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I have a image $U_{m \times n}:\Omega \to \mathbb R^2$, the output $P$ can be define as $$P=\mu J_{m \times n} - U$$ where $\mu = \max \{ u_{ij} : 1 \leq i \leq m, 1 \leq j \leq n\}$, $J_{m \times n}$ be the $m \times n$ matrix whose $i, j$th component is $1$: that is, the all-ones matrix. (This notation isn't quite standard, but it's as close to standard as I know. $J$ is often the all-ones matrix)

However, it is so many sentences for expression the above equation. Do we have more short and standard way to represent it? As my found, the $J_{m \times n}$ can be expressed by indicator function such as

$$P=\max (U)\times 1_{\Omega}-U$$

where $1_{\Omega}$ is Indicator function

Does it equivalent with original meaning? If not, please give me a standard and common expression in image processing. Thanks

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  • $\begingroup$ I would have defined $U_{m\times n}: [1,\ldots,m]\times [1,\ldots,n] \to \mathbb{R}$ instead, if you really want to have a professional notation. Unless your image is 2-valued, which would pose another challenge in defining a scalar $\max$. $\endgroup$ – Laurent Duval Nov 15 '15 at 11:11
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I think the notation $J_{m,n}$ is pretty standard for an all-ones matrix. So the only possible clarification would be to dispense with $\mu$ and directly specify what it actually is:

$$P=||U||_{\max}J_{m,n}-U$$

where $||.||_{\max}$ denotes the max norm of a matrix.

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  • $\begingroup$ Thank Matt L. How about indicator function instead of $J$. Based on your comment, it will be $$P=||U||_{\max}1_{\Omega}-U$$ $\endgroup$ – Jame Nov 1 '15 at 12:29
  • $\begingroup$ @user8430: I'm not sure if you could use it to specify the all-ones matrix. Furthermore, you would need to specify what the subset $\Omega$ is. I believe that using $J_{m,n}$ is much clearer, and probably the indicator function can't even actually be used in that way. $\endgroup$ – Matt L. Nov 1 '15 at 12:37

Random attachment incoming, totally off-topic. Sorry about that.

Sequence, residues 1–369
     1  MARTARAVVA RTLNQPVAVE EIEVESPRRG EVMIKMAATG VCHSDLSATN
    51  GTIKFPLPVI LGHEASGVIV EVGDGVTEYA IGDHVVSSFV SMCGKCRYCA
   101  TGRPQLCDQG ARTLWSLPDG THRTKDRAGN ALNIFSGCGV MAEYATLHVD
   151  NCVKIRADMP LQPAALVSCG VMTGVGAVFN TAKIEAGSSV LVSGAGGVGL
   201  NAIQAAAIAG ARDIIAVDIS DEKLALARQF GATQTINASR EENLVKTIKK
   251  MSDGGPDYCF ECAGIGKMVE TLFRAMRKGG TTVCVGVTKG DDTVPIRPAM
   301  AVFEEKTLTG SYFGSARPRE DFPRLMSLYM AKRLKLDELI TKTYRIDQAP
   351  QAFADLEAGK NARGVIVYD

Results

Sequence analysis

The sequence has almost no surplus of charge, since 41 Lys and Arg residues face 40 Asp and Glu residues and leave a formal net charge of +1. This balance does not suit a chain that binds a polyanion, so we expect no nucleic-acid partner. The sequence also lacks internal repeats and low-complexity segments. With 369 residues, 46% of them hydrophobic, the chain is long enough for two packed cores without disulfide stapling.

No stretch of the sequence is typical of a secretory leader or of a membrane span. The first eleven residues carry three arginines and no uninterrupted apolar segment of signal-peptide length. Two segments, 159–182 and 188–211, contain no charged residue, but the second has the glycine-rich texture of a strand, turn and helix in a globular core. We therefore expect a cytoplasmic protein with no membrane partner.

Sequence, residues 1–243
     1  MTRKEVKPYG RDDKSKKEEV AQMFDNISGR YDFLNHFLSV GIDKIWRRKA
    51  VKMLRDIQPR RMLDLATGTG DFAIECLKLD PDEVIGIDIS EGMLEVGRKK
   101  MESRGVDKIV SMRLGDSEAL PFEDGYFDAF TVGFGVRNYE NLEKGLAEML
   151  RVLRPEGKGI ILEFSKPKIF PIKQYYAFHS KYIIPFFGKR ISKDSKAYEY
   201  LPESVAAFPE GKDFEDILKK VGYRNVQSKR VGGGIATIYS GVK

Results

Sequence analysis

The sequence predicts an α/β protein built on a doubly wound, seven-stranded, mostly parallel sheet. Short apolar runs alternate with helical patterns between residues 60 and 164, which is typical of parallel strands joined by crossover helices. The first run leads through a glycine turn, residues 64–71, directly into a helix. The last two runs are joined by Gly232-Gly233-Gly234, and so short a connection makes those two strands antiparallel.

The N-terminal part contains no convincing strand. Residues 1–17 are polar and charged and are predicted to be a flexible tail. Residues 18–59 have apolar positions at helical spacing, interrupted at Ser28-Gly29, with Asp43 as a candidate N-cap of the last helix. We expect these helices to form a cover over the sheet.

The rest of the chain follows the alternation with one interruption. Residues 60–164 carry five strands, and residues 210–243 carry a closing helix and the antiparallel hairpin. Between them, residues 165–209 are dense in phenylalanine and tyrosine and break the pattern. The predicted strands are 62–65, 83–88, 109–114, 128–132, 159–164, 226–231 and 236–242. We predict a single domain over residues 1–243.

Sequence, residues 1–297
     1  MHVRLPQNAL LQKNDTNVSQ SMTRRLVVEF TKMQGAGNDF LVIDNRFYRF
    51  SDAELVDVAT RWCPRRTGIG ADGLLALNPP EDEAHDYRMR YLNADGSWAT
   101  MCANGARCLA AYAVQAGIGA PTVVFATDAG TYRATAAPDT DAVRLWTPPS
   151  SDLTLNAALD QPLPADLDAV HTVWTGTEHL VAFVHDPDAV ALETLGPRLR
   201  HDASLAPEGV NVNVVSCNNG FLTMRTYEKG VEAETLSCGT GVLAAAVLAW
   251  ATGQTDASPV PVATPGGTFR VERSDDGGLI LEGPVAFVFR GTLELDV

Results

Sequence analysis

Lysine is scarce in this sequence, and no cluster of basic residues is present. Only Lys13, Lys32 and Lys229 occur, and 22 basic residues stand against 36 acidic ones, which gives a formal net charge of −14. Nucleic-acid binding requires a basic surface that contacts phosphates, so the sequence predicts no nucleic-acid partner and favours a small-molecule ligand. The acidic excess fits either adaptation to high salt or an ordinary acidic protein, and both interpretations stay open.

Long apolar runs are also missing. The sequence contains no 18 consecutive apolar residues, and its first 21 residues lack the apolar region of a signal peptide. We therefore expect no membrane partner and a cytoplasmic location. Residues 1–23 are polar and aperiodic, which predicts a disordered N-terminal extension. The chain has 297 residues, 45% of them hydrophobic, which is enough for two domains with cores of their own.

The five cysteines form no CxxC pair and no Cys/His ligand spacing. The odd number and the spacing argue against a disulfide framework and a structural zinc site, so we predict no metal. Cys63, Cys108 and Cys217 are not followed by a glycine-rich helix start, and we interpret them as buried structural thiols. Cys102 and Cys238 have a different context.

• $\begingroup$ $\Omega$ is image domain, then $1_{\Omega}$ means 1 values in whole image domain. Actually, I want to reduce notation in that form. Thank for your max norm notation. For image processing, people do not like write form as size $J_{m \times n}$ $\endgroup$ – Jame Nov 1 '15 at 12:40
  • $\begingroup$ The $J_{n\times n}$ is quite standard for the counter-identity or exchange matrix too, i.e. with ones on the second diagonal. $\endgroup$ – Laurent Duval Nov 1 '15 at 14:31
  • $\begingroup$ @LaurentDuval: Do you think my $1_{\Omega}$ can represent matrix of one?However, I found that $1_{\Omega}$ likes the function that map a domain in real value. $\endgroup$ – Jame Nov 1 '15 at 14:44
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I would propose \mathbb{1} from the \usepackage{bbold} (or \mathds{1}, see details and options here), with outputs a $1$ with a double bar, like for $\mathbb{R}$ (I cannot have it displayed on SE). I would stick to a simple $\max $ or $\sup$, as it is not a norm without the absolute value. Plus, image values are taken in $\mathbb{R}^2$, as in some astronomical, seismic or processed images. So, something like:

\documentclass{article}
\usepackage{bbold}
\begin{document}
$\max_{i,j} \{ A_{i,j}\} . \mathbb{1}-A$
\end{document}

double-bar indicator notation

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  • $\begingroup$ I know of the max norm of a matrix (as I've used it in my answer), but I'm not sure if $\max(A)$ is common notation. Wasn't that actually the point of your comment under my answer? $\endgroup$ – Matt L. Nov 1 '15 at 15:45
  • $\begingroup$ The max of all elements can be negative for instance. Hence it is not a norm. I beleive $\max_{i,j}$ is probably more readable. In my answer I wanted to emphasize on the double-bar one. $\endgroup$ – Laurent Duval Nov 1 '15 at 15:50
  • $\begingroup$ It is a norm, because it's the maximum of the absolute values of the matrix entries (check the link). This should be OK because we're talking about images (I know in the OP it was just the max, not max |.|, but it should make no difference for the application). $\endgroup$ – Matt L. Nov 1 '15 at 16:00
  • $\begingroup$ $\mathbb{1}$ doesn't work? It seems to for me: just use \mathbb{1} (in \$ signs). $\endgroup$ – Peter K. Nov 3 '15 at 14:21
  • $\begingroup$ It does not appear per se in my browsers (recent Firefox and Chromium). I do not understand why... yet $\endgroup$ – Laurent Duval Nov 3 '15 at 14:27

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